Statement concerning filing of class action for fraud and bad faith against KBR, DynCorp, Blackwater, G4S/Wackenhut/Ronco Consulting, CNA Insurance, AIG Insurance and others who conspired to deny benefits to severely injured contractors and to harm them further

Scott Bloch  files complaint for $2 billion against major government contractors like

KBR, Blackwater.XE,  DynCorp, G4S/Wackenhut/Ronco Consulting and the global insurance carriers AIG, CNA, ACE and Zurich, on behalf of thousands of former employees, for unlawful, fraudulent and bad-faith mistreatment of injured employees and their families   

WASHINGTON, DC (September 26, 2011)

Since 2003, top government contractors like Blackwater, KBR, DynCorp, CSA/AECOM and ITT have been perpetrating a fraud on their employees and on the American public. 

The silent warriors who work for these companies, many of them decorated former military service members, have been injured, mistreated and abandoned by the contracting companies and their insurance carriers who have been paid hundreds of millions of dollars in premiums.

“It is a grave injustice,” Bloch said, “to those who rode alongside American soldiers, including Iraqi and Afghani Nationals, to be case aside without the benefits of the law.  We are supposedly trying to bring them the rule of law.  We are supposedly trying to encourage them in democratic institutions. 

We are the ones asking them to believe in justice and individual rights. 

This is a travesty to all Americans and those around the world who look to America for an example of humanitarian aid and proper treatment of workers.”

This is a lawsuit for damages in the amount of $2 billion to remedy the injuries and destruction caused to the lives, finances and mental and physical well being of thousands of American families and others whose loved ones were injured while serving America under contracts with the United States.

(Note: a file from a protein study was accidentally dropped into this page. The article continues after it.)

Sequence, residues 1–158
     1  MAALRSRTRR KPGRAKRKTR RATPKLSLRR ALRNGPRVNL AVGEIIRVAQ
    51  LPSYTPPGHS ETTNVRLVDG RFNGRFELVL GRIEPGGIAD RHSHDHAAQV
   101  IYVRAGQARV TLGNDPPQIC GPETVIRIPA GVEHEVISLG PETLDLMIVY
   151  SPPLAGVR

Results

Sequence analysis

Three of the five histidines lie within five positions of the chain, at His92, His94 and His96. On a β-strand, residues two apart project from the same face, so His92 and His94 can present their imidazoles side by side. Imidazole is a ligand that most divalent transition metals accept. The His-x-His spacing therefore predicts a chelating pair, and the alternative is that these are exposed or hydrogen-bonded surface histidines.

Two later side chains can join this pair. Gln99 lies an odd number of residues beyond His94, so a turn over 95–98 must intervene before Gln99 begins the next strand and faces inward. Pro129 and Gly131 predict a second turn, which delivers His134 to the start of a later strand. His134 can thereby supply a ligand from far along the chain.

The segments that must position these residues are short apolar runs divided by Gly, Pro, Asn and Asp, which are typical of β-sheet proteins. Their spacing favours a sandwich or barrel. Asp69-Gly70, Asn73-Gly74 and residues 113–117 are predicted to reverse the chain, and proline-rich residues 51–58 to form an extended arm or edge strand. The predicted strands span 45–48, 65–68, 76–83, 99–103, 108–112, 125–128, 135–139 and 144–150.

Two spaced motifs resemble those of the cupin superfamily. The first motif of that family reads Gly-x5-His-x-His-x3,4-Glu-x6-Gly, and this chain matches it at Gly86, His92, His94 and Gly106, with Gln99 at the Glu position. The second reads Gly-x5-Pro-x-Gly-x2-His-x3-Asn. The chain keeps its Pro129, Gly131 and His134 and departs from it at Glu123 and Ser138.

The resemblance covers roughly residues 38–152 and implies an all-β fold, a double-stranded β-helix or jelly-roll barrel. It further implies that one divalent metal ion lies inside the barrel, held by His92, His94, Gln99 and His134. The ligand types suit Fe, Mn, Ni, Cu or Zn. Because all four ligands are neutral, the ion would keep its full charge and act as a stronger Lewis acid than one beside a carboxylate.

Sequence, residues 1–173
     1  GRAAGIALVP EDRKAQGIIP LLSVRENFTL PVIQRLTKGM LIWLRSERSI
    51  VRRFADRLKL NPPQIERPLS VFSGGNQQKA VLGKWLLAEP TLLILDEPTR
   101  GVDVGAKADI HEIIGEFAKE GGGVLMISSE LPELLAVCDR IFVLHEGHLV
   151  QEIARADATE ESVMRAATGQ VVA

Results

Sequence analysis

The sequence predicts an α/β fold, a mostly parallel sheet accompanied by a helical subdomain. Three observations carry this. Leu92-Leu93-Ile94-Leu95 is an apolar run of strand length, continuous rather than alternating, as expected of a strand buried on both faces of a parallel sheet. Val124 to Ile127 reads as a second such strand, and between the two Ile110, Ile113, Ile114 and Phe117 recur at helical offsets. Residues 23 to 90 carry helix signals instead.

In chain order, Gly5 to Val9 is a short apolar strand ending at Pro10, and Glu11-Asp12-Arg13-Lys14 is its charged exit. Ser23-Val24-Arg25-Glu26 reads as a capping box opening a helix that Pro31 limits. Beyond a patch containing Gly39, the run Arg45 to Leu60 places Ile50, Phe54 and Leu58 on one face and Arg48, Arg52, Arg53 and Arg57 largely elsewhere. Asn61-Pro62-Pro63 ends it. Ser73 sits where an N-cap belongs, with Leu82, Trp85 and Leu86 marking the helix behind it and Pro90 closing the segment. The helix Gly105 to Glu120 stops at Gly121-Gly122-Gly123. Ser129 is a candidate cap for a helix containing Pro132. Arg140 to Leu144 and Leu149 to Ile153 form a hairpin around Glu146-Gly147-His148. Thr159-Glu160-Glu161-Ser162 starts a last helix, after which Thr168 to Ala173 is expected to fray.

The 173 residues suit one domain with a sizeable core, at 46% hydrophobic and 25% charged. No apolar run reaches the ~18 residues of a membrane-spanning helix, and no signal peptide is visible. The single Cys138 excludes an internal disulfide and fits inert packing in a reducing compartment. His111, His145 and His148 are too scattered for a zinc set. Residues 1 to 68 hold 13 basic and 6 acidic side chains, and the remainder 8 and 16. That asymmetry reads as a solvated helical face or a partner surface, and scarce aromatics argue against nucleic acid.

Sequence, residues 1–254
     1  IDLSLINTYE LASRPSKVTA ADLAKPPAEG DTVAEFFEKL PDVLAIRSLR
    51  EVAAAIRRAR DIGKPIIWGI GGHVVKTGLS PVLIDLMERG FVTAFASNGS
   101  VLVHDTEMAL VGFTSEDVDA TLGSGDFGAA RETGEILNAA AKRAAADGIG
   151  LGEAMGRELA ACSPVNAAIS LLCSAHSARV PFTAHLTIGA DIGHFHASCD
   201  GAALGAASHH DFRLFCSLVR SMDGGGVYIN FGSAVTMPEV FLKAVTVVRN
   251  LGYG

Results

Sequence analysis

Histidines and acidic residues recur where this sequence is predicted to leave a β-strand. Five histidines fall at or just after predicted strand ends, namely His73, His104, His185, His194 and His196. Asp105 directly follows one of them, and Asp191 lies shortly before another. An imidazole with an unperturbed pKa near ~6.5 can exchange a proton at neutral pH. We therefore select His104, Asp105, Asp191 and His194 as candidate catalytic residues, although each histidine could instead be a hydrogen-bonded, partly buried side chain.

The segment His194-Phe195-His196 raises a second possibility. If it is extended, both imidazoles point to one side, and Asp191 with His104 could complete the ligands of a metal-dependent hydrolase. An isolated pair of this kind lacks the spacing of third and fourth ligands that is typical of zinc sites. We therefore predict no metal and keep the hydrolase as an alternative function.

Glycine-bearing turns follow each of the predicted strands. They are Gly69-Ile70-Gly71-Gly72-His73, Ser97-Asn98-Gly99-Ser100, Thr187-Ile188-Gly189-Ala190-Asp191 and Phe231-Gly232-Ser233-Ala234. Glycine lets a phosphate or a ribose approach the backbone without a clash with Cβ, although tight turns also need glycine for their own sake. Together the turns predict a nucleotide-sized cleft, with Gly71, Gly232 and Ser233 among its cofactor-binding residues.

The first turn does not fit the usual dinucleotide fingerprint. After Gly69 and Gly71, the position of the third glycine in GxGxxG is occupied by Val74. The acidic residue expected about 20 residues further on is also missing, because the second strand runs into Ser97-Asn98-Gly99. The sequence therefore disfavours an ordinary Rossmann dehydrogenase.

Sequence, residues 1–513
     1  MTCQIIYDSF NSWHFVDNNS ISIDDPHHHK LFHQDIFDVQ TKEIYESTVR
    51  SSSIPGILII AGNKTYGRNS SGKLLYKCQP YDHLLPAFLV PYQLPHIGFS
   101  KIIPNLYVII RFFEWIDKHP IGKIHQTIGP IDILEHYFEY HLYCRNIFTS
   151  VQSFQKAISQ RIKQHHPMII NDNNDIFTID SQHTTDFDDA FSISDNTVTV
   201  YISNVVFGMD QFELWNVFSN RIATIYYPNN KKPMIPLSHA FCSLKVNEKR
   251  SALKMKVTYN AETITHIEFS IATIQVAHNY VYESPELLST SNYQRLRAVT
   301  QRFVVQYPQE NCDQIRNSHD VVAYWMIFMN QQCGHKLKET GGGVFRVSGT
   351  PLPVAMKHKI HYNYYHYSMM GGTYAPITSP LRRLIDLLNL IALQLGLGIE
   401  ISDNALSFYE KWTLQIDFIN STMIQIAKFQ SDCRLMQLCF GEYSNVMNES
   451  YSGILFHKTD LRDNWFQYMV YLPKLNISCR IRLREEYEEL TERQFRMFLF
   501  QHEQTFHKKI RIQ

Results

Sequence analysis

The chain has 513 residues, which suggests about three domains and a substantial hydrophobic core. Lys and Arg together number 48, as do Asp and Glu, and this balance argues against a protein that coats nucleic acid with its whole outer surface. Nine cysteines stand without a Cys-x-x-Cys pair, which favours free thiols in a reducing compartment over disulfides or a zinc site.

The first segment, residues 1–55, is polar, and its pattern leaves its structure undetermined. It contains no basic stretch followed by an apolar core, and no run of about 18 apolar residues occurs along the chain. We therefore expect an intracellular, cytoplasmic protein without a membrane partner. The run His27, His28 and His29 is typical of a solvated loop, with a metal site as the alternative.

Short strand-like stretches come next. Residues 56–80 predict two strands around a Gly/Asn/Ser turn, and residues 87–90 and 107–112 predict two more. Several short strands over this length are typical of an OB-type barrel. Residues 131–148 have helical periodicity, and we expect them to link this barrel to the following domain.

It seeks an additional unspecified amount to punish the companies who made massive profits while causing this harm to people unlawfully and maliciously and working a fraud on the American public who paid them.  
“This abusive and illegal scheme by the defendants has been allowed to go on for too long. 

We are talking about loss of life, suicide, loss of homes, marriages, families split up, “ Bloch said, “and the culprits are the large government contractors who should have treated their employees better, and the mega-insurance companies who were paid a hefty sum to make sure the employees were taken care of with uninterrupted benefits in the event of injuries in these war zones.”
This complaint is filed due to actions and omissions of defendants, in conspiracy with others, and individually, to defeat the right of American citizens and foreign nationals to receive their lawful benefits and compensation under the Defense Base Act (“DBA”),  as it adopts the Longshore and Harbor Workers’ Compensation Act (“LHWCA”).  
The lawsuit explains that those sued engaged under the RICO statute in an enterprise of fraudulent and or criminal acts to further their scheme to defeat the rights of individuals who have been injured or suffered occupational diseases, and death, while on foreign soil in support of defense activities under the DBA.  

These acts were perpetrated repeatedly through bank fraud, mail fraud, wire fraud, using telephones, faxes, and United States mail .
 “These are heroes, decorated by America’s Armed Services,” said Bloch.